Attention! This post provides the instruction how to build the audio preamp, however it is related to working with the electricity. That can be risky and create hazard to your life! If you do not posses all required knowledge and skills, please do not follow it!
That was pretty long DIY project, but not because it is very complex. One of the reasons was that I had to buy quite many electronic components from eBay for the project. But at the end, I can say it was worth to do it 😉
Vacuum tube sound
You might already heart about vacuum tube sound before. I mean how natural and pleasant it is for the human eye. This phenomena is related to the nature of the human ear, which hears all sounds with even-order harmonics in the nature. You can read more about that e.g. here.
I like the sound of the vacuum tubes, however I do not like that it takes up to 30 minutes for them to warm up in order to reach the full potential. Another limitation is that they have relatively short lifetime.
I came across the audio preamp B1 on this DIY’ers forum, which is based on JFET transistors. I read quite a lot of good feedback of excited DIY’ers about that preamp at the same forum.
JFETs alternative to vacuum tubes
Normally, the pre-amp is connected between the source of audio and the (power) amplifier. In preamp B1 case, it performs also the function of matching the impedance between the audio source and the (power) amplifier.
I got very curious if the Toshiba JFETs based pre-amplifier can perform so well by (a) adding the even-order harmonics to the audio signal and (b) matching the impedance.
You can find the circuit with the description on original First Watt website. Here is a circuit:
The circuit looked quite simple to repeat and not very costly. So, I decided to give a try and I repeated everything from the resistors marked as R102 and R202 to the right (skipping what was on the left of those resistors). I did not need additional volume control in my setup.
I thought that one of the biggest challenges will be to find those exotic 2SK170BL JFETs which were already discontinued by Toshiba. But the solution appeared not that difficult 🙂 One of the www.diyaudio.com forum’s guys managed to get a box of those JFETs (2SK170BL), matched them in pairs and started to sell on eBay. Well, that’s cool, the probability was quite low (or no?) that the guy would not cheat 😉
After waiting for something one week+, I got my JFETs from that guy and started my preamp B1 project 😉
Deciding how to build your audio pre-amp B1
You can follow quite different strategies to build this pre-amp.
In my case, that was a complete DIY project. I bought all resistors separately and chose the best matches between them. It appeared that to find the matches for the resistors is not so hard, however to find very specific values across them can be not so easy 😉 I did not have any 10uF MKP capacitors lying around, so I had also to get them from eBay. For that, I chose the Audiophiler MKP capacitors. Once everything arrived, I started to assemble the pcbs. But that was a bit hard way.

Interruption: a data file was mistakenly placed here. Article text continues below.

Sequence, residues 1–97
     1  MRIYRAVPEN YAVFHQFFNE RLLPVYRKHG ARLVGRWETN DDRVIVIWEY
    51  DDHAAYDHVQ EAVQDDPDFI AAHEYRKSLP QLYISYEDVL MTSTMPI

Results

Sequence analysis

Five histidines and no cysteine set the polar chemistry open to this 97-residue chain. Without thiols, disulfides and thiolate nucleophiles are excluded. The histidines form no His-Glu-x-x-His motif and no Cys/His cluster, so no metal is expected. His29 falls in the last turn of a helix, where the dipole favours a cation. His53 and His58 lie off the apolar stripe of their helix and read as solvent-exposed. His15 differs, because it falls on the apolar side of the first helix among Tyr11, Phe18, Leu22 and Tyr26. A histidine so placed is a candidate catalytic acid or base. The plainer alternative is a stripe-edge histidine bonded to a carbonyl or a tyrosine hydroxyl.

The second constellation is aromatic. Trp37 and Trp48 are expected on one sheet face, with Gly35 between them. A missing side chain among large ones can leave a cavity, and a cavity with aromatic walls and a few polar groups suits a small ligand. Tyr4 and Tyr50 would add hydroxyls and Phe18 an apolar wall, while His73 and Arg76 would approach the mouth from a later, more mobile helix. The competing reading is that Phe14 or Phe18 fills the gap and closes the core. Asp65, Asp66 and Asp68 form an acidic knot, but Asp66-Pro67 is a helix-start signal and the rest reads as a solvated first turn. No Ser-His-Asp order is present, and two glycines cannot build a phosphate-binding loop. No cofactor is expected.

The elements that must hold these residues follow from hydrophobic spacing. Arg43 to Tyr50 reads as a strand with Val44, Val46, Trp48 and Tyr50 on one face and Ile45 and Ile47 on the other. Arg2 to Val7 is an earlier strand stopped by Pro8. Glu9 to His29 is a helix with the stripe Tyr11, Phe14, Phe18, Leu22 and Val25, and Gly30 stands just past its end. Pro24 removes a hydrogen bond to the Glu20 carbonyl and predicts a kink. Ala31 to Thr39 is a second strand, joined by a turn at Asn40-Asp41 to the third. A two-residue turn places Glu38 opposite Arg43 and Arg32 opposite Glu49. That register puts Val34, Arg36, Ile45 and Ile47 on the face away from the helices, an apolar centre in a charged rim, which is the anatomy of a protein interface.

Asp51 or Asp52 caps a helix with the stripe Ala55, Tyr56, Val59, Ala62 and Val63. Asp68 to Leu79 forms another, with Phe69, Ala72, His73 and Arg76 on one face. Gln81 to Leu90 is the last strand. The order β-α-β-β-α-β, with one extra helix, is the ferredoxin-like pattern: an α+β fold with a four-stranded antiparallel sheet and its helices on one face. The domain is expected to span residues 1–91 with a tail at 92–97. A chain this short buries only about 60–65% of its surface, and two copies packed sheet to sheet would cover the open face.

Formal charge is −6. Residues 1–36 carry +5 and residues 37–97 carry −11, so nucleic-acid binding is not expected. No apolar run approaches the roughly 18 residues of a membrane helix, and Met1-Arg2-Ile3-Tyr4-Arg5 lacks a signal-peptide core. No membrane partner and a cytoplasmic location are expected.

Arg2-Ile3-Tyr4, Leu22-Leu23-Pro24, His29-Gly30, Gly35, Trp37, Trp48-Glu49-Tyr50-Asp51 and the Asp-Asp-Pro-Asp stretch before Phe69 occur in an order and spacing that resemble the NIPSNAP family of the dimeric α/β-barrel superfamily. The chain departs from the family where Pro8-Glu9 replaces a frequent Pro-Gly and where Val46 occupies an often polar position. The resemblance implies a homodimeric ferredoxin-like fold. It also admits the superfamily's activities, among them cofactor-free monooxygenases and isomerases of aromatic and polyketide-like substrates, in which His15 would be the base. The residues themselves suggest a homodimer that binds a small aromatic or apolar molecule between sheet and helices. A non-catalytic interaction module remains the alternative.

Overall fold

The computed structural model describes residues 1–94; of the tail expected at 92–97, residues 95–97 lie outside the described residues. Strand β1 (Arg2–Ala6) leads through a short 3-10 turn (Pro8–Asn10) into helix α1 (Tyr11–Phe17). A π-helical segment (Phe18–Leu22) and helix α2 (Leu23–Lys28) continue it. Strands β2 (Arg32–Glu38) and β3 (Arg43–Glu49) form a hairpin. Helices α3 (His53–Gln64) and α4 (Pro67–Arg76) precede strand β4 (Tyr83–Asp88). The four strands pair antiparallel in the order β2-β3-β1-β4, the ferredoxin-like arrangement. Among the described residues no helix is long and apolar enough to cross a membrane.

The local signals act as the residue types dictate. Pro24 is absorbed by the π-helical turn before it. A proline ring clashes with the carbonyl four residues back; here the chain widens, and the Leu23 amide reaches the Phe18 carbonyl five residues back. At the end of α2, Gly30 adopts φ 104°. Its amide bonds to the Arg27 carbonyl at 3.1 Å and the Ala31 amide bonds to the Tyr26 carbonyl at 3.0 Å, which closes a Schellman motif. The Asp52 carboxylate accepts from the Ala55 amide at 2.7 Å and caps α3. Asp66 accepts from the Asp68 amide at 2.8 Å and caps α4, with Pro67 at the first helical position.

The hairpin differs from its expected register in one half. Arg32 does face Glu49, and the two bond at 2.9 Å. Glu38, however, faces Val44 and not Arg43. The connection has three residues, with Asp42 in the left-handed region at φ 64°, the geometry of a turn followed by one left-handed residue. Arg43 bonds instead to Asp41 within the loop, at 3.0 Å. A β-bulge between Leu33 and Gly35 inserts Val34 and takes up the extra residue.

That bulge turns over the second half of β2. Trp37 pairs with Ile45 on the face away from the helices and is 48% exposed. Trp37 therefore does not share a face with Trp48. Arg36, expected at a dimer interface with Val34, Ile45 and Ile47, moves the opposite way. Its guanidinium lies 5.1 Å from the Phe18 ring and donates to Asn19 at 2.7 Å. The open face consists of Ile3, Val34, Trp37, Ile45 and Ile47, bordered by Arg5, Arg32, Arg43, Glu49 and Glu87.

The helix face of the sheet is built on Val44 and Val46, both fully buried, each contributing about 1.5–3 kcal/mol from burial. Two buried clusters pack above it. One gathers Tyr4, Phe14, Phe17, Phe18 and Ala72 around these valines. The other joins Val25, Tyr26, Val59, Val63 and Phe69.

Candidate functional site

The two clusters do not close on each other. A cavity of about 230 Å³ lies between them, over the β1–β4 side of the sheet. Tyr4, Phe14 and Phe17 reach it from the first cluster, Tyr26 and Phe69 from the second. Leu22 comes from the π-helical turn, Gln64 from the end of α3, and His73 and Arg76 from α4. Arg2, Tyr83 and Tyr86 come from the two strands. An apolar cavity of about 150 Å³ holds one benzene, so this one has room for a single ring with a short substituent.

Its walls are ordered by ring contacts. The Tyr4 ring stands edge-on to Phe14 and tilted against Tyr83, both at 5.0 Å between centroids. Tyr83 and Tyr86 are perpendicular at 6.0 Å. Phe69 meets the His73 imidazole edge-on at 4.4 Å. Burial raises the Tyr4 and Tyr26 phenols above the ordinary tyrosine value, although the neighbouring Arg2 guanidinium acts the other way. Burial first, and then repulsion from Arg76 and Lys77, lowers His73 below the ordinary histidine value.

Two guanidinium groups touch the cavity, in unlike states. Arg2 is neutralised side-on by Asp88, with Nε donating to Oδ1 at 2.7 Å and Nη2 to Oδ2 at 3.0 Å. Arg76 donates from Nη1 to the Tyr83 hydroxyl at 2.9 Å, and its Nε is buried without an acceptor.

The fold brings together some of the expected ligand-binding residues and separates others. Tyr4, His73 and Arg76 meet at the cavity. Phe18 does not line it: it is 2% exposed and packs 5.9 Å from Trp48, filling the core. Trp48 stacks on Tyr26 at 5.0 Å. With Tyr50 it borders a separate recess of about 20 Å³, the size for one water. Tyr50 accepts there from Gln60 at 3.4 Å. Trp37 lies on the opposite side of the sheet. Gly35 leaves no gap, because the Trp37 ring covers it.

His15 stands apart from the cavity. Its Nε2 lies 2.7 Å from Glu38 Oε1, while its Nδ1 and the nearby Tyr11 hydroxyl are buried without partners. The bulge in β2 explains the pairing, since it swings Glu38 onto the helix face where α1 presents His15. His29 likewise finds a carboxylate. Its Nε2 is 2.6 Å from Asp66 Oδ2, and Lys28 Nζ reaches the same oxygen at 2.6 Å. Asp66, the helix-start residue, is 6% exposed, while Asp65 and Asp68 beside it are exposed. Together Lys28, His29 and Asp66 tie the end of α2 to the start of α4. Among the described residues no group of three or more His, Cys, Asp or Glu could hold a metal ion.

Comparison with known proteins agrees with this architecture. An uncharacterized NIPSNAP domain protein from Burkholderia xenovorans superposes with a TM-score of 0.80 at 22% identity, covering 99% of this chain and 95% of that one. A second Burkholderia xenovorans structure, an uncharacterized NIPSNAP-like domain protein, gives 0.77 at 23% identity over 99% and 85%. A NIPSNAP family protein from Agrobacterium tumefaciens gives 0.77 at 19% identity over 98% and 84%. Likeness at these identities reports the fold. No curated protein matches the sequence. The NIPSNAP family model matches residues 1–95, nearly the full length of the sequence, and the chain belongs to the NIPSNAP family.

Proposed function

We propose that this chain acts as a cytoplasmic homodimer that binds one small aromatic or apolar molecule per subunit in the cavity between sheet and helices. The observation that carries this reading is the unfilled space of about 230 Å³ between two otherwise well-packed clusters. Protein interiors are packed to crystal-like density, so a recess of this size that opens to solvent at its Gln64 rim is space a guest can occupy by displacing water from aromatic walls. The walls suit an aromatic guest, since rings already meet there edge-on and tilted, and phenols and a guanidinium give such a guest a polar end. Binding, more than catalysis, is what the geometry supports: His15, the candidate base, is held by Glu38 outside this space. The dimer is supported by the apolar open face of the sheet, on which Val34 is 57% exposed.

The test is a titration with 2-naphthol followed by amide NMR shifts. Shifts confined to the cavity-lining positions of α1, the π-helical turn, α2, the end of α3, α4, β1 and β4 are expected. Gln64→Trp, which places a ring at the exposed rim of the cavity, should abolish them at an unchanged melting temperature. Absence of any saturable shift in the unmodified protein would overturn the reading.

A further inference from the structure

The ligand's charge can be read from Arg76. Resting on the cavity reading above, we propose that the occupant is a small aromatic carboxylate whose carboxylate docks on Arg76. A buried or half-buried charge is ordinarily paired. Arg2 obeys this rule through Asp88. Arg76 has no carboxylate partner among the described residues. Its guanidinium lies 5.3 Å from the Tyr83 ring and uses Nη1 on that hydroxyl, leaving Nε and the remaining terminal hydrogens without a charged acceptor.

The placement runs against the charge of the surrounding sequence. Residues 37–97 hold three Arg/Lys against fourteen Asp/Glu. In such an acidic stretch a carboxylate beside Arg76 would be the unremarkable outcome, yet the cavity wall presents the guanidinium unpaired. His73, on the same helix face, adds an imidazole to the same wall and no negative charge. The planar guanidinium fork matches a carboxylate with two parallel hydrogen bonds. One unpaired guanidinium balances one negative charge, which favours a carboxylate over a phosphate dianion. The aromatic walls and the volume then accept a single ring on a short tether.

More simple way is just to get this pre-amp kit, assemble it and enjoy 😉
I had a toroidal transformer at home, which was producing something 30VA. so I needed only regulated +18V source and the chip LM317 was chosen for that. Keep in mind, that this regulator should be feeded by at least 2V higher voltage compared what are you are expecting to get after.
Last tweak – power filter
There are quite many different home appliances in each house or flat. As a result, the power line gets pretty noisy. It appeared that filtering the power line even before the transformer can be very beneficial for audio gear.
I came across those two posts about the EMI filters here and here. Both links are in Russian, so Google translate might help you to understand. In one of the links, there was shown the EMI filter installation into a CD player.
One of the suggestions for DIY’ers was that one of the easiest ways to find all parts needed for EMI filter – just use the parts from some old PC ATX power supply 🙂
I followed that simple advice. Even more, I de-soldered all filter parts and cut the part of the pcb of the filter. As a result, I got all needed parts and the pcb. The EMI board together with other pcbs nicely fitted into the case of old satellite receiver.
Fully assembled pre-amplifier B1
Finally, everything was in place. A ‘borrowed’ EMI filter can be seen in the left corner with the toroidal transformer nearby. A regulated power supply found its place on the right. Only the filtering capacitor was too high, so I had to turn by 90 degrees. Two channels with FETs are further on the right.
That’s it, the time is to test all that effort together with these reasonable priced RCA interconnects for my audio setup.
I shared my experience of upgrading integrated RPi’s soundcard in one of the previous posts, what brought a huge improvement to my audio setup.
You will experience the difference again with the preamp B1. The sound became a lot more pleasant to the ear and really more natural. After listening one album, you want to just to listen a second 🙂
I fully agree with those guys on the forum who shared their positive experiences about this pre-amp. It is hard to imagine another audio upgrade for something like ~30 Eur in total for such quality improvement.
At end, I would like just to add that you can get either only PCB (~10USD) or a full B1 kit (~50USD) from eBay. I think it is good value for money 😉
Enjoy an improved sound of your audio system!